Audio Fidelity Test

The following graph illustrates both a passing and failing signal under the preceding requirement.




The first sample sine wave (in blue) is a failing signal. It does not comply with the requirement because its average sample is roughly 0.5, which is greater than 0.3. The second sample sine wave (in green) is a passing signal because the average sample is close enough to zero. Specifically, the signal complies with the requirement because its average sample value is -0.25, which is between -0.3 and 0.3.

System Activity Test


In real-world scenarios, few users maintain an isolated machine for audio streaming. However, these users reported that certain audio solutions or system setups provide a poor end-user audio fidelity experience.

To solve this problem, we added a “Real World Stress” tool to the WLK 1.3 Audio Fidelity Test. This tool simulates real-world user scenarios and loads on the system (such as video playback) and measures the audio fidelity against THD+N requirements. This prevents excessive noise that other hardware on the system generates.


Skew Test for Sampling Frequency Accuracy


The clock in the audio device chipset must be accurate because audio streaming relies on an accurate clock. The Audio Fidelity requirement has a required sampling frequency accuracy. Since WLK 1.4, we verify the device clock against the reference clock in the Audio Precision (AP) analyzer.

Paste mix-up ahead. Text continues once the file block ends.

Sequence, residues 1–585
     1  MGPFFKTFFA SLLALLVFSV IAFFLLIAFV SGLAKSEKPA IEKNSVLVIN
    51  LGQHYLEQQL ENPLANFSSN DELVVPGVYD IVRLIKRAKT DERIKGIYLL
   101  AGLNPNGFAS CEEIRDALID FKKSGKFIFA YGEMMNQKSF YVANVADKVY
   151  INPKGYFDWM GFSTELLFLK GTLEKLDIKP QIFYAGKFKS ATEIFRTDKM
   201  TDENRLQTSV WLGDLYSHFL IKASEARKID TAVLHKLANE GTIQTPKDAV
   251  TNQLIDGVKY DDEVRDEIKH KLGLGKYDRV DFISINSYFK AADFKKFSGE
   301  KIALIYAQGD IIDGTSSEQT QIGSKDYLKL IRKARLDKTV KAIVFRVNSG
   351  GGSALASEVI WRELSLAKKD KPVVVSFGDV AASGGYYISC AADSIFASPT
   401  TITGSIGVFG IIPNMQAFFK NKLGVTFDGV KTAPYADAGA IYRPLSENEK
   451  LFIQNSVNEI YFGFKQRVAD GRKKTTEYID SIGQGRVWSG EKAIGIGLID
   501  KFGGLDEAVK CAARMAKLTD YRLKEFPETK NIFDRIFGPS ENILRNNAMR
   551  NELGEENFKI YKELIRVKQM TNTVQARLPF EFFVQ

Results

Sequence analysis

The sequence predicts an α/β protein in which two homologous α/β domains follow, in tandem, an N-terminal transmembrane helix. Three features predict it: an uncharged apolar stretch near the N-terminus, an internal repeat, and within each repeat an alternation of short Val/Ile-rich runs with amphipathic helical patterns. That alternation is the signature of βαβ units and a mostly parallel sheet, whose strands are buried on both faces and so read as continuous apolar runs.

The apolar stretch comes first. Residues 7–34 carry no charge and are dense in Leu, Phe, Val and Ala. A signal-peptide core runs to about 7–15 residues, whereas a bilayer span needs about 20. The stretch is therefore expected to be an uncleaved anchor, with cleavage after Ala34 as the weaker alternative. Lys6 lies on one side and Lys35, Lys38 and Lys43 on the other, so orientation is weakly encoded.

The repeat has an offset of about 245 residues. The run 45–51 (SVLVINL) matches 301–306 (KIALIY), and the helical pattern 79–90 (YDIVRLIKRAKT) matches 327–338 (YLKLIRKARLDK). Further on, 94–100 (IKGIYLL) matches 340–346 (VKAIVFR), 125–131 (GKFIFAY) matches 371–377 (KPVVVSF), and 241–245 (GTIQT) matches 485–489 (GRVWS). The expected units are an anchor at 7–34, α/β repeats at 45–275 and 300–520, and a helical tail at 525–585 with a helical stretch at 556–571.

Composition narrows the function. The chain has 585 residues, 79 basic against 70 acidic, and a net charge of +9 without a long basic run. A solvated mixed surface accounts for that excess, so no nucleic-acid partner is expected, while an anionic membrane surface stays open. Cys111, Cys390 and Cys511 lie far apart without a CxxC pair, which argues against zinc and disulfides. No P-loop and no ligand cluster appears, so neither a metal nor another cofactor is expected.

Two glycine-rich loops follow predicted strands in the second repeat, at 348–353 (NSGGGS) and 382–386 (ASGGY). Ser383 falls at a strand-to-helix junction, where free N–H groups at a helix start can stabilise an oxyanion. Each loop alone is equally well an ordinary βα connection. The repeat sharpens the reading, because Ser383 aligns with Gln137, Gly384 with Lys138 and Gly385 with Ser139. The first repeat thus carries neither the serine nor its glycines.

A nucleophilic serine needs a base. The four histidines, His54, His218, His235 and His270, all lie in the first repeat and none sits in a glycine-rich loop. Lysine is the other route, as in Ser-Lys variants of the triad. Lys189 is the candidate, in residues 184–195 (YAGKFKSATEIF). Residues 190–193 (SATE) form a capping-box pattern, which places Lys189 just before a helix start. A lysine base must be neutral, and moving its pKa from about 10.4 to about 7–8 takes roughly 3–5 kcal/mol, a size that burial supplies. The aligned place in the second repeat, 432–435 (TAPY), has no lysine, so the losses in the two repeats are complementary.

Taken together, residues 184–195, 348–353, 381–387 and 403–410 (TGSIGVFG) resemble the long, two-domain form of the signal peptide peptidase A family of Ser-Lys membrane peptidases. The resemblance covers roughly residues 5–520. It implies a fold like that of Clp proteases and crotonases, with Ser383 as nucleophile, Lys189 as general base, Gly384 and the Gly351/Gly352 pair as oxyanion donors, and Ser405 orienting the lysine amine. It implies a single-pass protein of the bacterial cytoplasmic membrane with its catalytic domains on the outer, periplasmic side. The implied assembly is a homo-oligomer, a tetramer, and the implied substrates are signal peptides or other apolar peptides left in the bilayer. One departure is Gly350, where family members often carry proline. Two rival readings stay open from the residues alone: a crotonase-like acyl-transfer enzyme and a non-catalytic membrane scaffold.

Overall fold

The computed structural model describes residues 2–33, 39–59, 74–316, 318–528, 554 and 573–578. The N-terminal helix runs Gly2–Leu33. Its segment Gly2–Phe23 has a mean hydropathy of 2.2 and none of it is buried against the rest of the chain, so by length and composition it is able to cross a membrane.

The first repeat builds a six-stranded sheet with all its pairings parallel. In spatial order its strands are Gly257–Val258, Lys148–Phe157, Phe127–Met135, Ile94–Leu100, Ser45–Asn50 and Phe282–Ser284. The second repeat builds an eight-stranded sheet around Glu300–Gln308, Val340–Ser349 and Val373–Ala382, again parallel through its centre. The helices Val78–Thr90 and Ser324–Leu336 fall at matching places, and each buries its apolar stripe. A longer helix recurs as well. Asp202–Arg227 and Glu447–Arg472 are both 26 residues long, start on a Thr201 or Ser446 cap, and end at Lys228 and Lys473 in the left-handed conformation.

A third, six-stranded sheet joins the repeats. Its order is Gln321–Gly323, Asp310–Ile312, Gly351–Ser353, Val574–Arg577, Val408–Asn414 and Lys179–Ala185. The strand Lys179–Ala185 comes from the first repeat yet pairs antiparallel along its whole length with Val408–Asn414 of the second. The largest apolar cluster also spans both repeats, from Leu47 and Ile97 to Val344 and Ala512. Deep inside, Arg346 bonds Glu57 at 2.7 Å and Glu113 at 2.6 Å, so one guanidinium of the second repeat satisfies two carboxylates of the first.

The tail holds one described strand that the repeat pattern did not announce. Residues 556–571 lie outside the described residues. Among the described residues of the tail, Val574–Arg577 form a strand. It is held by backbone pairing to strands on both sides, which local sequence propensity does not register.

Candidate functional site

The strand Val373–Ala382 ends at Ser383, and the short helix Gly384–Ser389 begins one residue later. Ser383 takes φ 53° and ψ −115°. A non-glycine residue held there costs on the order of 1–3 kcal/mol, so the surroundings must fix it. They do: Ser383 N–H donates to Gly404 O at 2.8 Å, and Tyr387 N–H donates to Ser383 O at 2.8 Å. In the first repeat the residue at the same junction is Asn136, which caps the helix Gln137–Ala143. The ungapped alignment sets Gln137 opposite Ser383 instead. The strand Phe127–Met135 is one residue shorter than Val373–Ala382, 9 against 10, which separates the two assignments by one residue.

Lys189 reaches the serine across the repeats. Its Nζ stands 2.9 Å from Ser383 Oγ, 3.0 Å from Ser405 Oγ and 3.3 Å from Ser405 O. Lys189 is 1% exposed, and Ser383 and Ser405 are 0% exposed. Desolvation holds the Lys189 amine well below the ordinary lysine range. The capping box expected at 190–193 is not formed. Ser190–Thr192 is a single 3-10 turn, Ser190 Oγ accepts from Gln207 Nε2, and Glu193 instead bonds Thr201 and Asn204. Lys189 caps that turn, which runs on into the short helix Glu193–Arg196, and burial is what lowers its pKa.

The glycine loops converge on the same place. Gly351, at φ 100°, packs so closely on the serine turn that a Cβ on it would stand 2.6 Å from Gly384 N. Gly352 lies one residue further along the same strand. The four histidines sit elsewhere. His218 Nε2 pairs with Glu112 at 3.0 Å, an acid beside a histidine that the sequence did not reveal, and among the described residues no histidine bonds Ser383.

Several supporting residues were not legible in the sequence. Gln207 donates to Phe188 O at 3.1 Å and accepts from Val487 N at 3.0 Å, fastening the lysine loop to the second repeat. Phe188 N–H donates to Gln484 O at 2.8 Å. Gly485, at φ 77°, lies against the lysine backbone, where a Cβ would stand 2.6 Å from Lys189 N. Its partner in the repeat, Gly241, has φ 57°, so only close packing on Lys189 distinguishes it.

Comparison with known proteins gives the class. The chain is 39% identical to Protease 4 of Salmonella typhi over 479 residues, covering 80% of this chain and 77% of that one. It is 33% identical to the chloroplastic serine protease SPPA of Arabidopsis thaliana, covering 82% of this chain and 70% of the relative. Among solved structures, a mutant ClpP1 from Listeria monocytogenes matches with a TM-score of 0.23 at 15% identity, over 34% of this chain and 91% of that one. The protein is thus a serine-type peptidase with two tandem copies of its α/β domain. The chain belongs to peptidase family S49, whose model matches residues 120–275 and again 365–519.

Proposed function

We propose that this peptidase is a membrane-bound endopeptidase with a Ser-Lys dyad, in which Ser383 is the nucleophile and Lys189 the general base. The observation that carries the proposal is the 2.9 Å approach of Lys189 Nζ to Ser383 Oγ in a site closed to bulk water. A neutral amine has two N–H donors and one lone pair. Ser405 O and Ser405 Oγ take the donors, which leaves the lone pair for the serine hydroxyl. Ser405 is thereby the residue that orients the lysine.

The test plays a known high-frequency tone and uses the AP analyzer to measure the frequency of the analog tone. The aggregate accuracy of the clocks in the render path is equal to the measured frequency, divided by the expected frequency and multiplied by 100 percent.


Power State Transition Test for Catching Pops and Clicks


Pops and clicks at system power state transition are annoying to users and risk damaging the audio device on the system. We added the following Power State Transition Test to WLK 1.4 to verify the device behavior according to THD+N requirements:

Requirement

SYSFUND-0050 (EXISTING)

Title

System employs anti-pop measures on all system audio outputs

Testing

Audio Fidelity Test(Test Case: Power State Transition Test)

We continue to support the import/export option of fidelity logs from different vendor’s internal or external test partners. You cannot import an audio fidelity log from any previous WLK version into WLK 1.4 tests; this results in an error and a logged failure. For tests in preview mode (Skew Test and Power State Transition Test), we allow you to use a preview filter.